September 21, 2021 – Crushpads are at full crank all over the Central Coast, and it’s not just local fruit filling the hoppers. John Benedetti recently brought in some really nice looking Pinot Noir from the Toulouse Vineyard in Anderson Valley, inspired by making wine with one of his mentors, James MacPhail. An overflowing bin of Hand in Hand Pinot Noir just came in this past weekend, looking fat and ripe. But the best news of the week was that he finally got a fabulous crop off the Split Rail Vineyard, which has been a heartbreaker the last few years, due to poor set and other weather factors. Benedetti was thrilled: “It was immaculate. Cleanest fruit we’ve ever gotten from the vineyard. Perfect ripeness, too.” That’s a winemakers dream.
Up in Bonny Doon, Ryan Beauregard helped out his neighbors, the McHenry’s, who lost their winery in the CZU fire, by crushing their grapes this year. The families go way back, working together for half a century. Inside the winery, there are thousands of dollars worth of the finest French barrels, from Damy and Billon, all to ensure the complexity and finesse Beauregard has his sights set on.
Greg Freeman at Chalone says harvest is now half over, as the Pinot Noir is all in.
“Chardonnay is starting to come in thick and fast,” he says. It’s his first harvest at the property. Nearby, Michael Michaud has picked most of his Pinot Noir, some of it for David Bruce Winery, as well as his Chardonnay. He still had some fruit available to sell.
David Baird of Folktale says harvest started with Chardonnay from Brosseau Vineyard in Chalone, and pulled in 8 tons of Tondre Pinot Noir from the SLH, followed by another 11 tons of Pinot Noir from various places in the region. He’d also gotten some Chardonnay from Masa Vineyard up in Cachagua for his orange wine project. “It’s been five years now that I’ve been doing the solera blend! I can’t believe it. I’ve got that Chard in concrete right now and then it will go into barrels. This was one of the wines that started as a completely whacky idea that really caught on.”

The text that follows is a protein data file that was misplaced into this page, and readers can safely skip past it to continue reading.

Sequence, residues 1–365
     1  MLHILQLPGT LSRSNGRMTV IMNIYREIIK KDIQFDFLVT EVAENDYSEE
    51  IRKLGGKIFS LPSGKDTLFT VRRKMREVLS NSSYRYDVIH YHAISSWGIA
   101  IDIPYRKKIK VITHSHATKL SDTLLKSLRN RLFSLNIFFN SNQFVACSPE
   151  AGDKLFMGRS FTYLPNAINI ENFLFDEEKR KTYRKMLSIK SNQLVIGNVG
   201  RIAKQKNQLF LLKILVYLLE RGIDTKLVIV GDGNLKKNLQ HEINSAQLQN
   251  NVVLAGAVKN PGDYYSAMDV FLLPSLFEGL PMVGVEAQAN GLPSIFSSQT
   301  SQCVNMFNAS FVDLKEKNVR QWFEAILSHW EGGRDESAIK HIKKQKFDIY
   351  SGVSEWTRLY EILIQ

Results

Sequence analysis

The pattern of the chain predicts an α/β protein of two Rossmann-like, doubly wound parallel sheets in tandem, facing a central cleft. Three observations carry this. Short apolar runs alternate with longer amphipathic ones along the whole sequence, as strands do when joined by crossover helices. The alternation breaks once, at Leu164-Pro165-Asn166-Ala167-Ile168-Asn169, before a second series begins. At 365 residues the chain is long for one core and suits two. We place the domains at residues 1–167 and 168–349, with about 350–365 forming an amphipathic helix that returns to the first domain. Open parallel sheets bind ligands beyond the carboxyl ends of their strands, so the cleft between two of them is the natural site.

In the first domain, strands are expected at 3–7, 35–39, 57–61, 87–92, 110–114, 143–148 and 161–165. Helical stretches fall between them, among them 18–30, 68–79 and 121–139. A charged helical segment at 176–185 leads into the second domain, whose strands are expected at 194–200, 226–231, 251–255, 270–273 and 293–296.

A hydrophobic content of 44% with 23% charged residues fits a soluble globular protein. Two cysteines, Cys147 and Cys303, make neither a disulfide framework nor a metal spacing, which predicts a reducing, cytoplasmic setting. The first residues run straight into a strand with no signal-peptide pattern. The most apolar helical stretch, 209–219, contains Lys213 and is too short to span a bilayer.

Next up he expected a load of Verdelho from Clarksburg for his first attempt at a Vino Verdhe wine, which he will bubble up with a good amount of Co2 and put in crown caps. He expects that might be ready by December. His Pet Nat of Grenache Blanc is so popular, he’s planning to make twice as much as last year. It will be disgorged and then released probably next summer. Also fermenting in the winery is Sauvignon Blanc from Mark Chesebro’s Cedar Lane Vineyard, and a rosé of Pinot Noir. Both will be bottled in December.
Baird has already picked a very small amount of Malbec from the Masa Vineyard. “The place is so dry, the vines are really putting out a very small amount of fruit, probably ¾ ton per acre. They have maybe 5 tons total.” He says Ian Brand is working with Lorie Masa to sell the fruit. “He’s got some really great winemakers from around the state,” says Baird. “Raj Parr just got ½ ton of the Malbec.” He expects to bring Cab Franc in any day, and about 7 tons of Cabernet Sauvignon by the end of the month, along with Petit Verdot for a Bordeaux style blend.
Ryan Kobza, who works with Ian Brand at his custom crush facility in Salinas, says they are in the thick of it, with about 25% of their expected fruit brought in. For his own label, he told us, “I’m making the same two red wines (rosé of Mourtao and his ancient vine field blend of Cargignan, Mourvedre and Zinfandel) and I’m bringing in Riesling (from Redwing Vineyard in Santa Clara). I’ll be making pet nat, sparkling, piquette and still wines from the Riesling, so lots going on there. Hoping to have some of the bubbles ready for action come springtime.”
At Morgan, winemaker Sam Smith said they had just brought in Rodnick Pinot Noir from the Chalone AVA, that will go into the final blend of the Twelve Clones Pinot Noir. They also brought in some Tondre Chardonnay, but were waiting on the rest.
Wrath is knee deep in harvest as well. Michael Thomas shared, “So far, we’ve brought in our early pick Sauvignon Blanc: that’s pretty standard timing for our vineyard. This year had been running about 2 weeks behind because of the early cool temps and extra fog, but has caught up to what we consider ‘usual.’”
About the crop at San Saba, he said it’s been a really good growing year. “Everything is looking good, we are excited to say.” We wondered if they’d be making Boekenoogen Pinot Noir, again, as it’s a crowd favorite. “Yes, that’s the plan unless there is a last minute change,” Thomas told us. “We had to skip last year because of the fires, but Boekenoogen is one of the most popular of our Single Vineyard bottlings, so we look forward to it every year.”
We’ll take all the good news we can get, and hope for a boring rest of harvest.